Hereditary endometrial carcinoma is associated with germline mutations in Lynch syndrome genes. The role of other cancer predisposition genes is unclear. We aimed to determine the prevalence of cancer predisposition gene mutations in an unselected endometrial carcinoma patient cohort. Mutations in 25 genes were identified using a next-generation sequencing-based panel applied in 381 endometrial carcinoma patients who had undergone tumor testing to screen for Lynch syndrome. Thirty-five patients (9.2%) had a deleterious mutation: 22 (5.8%) in Lynch syndrome genes (three MLH1, five MSH2, two EPCAM-MSH2, six MSH6, and six PMS2) and 13 (3.4%) in 10 non-Lynch syndrome genes (four CHEK2, one each in APC, ATM, BARD1, BRCA1, BRCA2, BRIP1, NBN, PTEN, and RAD51C). Of 21 patients with deleterious mutations in Lynch syndrome genes with tumor testing, 2 (9.5%) had tumor testing results suggestive of sporadic cancer. Of 12 patients with deleterious mutations in MSH6 and PMS2, 10 were diagnosed at age >50 and 8 did not have a family history of Lynch syndrome-associated cancers. Patients with deleterious mutations in non-Lynch syndrome genes were more likely to have serous tumor histology (23.1 vs 6.4%, P=0.02). The three patients with non-Lynch syndrome deleterious mutations and serous histology had mutations in BRCA2, BRIP1, and RAD51C. Current clinical criteria fail to identify a portion of actionable mutations in Lynch syndrome and other hereditary cancer syndromes. Performance characteristics of tumor testing are sufficiently robust to implement universal tumor testing to identify patients with Lynch syndrome. Germline multi-gene panel testing is feasible and informative, leading to the identification of additional actionable mutations.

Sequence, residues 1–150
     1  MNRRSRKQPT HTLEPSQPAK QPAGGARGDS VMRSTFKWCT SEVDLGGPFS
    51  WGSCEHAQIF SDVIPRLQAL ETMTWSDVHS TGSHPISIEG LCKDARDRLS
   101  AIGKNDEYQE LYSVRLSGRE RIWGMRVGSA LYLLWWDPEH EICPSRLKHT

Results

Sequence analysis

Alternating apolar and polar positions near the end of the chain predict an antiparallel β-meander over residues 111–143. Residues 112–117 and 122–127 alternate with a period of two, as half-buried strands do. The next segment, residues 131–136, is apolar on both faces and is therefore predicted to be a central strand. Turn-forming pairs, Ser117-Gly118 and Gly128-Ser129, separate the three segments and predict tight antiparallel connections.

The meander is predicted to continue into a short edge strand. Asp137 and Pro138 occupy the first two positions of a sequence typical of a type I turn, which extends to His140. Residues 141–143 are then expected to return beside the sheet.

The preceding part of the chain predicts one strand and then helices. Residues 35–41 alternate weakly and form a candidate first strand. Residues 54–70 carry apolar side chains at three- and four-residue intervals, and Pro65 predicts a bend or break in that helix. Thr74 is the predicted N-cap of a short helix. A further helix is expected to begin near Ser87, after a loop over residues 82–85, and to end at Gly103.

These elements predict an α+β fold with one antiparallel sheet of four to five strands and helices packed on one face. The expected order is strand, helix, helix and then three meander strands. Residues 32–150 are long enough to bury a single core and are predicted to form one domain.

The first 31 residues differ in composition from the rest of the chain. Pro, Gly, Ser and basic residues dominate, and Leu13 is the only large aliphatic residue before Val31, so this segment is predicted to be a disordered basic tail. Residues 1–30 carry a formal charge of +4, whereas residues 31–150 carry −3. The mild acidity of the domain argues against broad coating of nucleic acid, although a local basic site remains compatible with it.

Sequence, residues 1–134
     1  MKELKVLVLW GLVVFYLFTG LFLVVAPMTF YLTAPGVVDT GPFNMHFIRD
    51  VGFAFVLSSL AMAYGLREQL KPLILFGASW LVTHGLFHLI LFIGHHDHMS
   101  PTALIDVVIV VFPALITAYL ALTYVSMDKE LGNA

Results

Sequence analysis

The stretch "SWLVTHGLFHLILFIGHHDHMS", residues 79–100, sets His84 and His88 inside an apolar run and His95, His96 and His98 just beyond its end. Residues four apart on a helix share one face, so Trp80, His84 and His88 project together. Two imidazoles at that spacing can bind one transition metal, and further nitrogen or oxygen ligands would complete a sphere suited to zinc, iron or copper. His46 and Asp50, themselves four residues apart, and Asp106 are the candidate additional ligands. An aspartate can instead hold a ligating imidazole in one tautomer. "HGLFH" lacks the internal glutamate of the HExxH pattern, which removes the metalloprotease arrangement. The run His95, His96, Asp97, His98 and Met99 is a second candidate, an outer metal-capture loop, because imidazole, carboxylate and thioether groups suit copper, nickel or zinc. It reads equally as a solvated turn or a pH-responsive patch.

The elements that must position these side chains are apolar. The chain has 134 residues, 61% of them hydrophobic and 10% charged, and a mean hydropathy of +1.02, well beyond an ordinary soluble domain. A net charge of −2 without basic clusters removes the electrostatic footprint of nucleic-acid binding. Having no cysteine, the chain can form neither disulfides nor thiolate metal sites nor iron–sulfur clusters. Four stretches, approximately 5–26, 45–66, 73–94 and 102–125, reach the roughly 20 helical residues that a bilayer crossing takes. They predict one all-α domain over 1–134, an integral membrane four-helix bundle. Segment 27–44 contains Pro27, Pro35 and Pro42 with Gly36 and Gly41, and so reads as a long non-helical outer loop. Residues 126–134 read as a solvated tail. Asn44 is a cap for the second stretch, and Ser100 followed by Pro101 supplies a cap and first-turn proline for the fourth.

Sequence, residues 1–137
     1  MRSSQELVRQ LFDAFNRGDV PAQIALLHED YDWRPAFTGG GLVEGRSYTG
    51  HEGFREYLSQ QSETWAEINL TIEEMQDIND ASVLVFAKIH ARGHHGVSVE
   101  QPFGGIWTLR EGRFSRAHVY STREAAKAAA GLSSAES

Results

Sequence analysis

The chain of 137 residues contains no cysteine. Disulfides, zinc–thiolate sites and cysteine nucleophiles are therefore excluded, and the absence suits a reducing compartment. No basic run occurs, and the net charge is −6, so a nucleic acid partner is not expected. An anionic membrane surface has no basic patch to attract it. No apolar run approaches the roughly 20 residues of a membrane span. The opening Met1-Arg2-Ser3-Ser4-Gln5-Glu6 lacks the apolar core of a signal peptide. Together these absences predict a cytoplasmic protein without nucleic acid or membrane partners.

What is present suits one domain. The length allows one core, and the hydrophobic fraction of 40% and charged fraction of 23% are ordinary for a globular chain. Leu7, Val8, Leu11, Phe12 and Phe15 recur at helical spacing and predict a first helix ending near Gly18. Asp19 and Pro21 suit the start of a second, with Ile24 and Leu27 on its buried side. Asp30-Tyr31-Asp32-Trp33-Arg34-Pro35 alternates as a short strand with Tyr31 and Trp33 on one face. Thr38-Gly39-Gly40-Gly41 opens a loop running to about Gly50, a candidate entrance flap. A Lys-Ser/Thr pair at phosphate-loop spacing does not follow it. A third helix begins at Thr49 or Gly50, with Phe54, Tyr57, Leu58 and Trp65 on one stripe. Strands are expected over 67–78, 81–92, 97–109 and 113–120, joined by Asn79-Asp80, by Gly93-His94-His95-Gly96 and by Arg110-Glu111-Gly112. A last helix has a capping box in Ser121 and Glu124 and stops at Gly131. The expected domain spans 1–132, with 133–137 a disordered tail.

ASJC Scopus subject areas
- Pathology and Forensic Medicine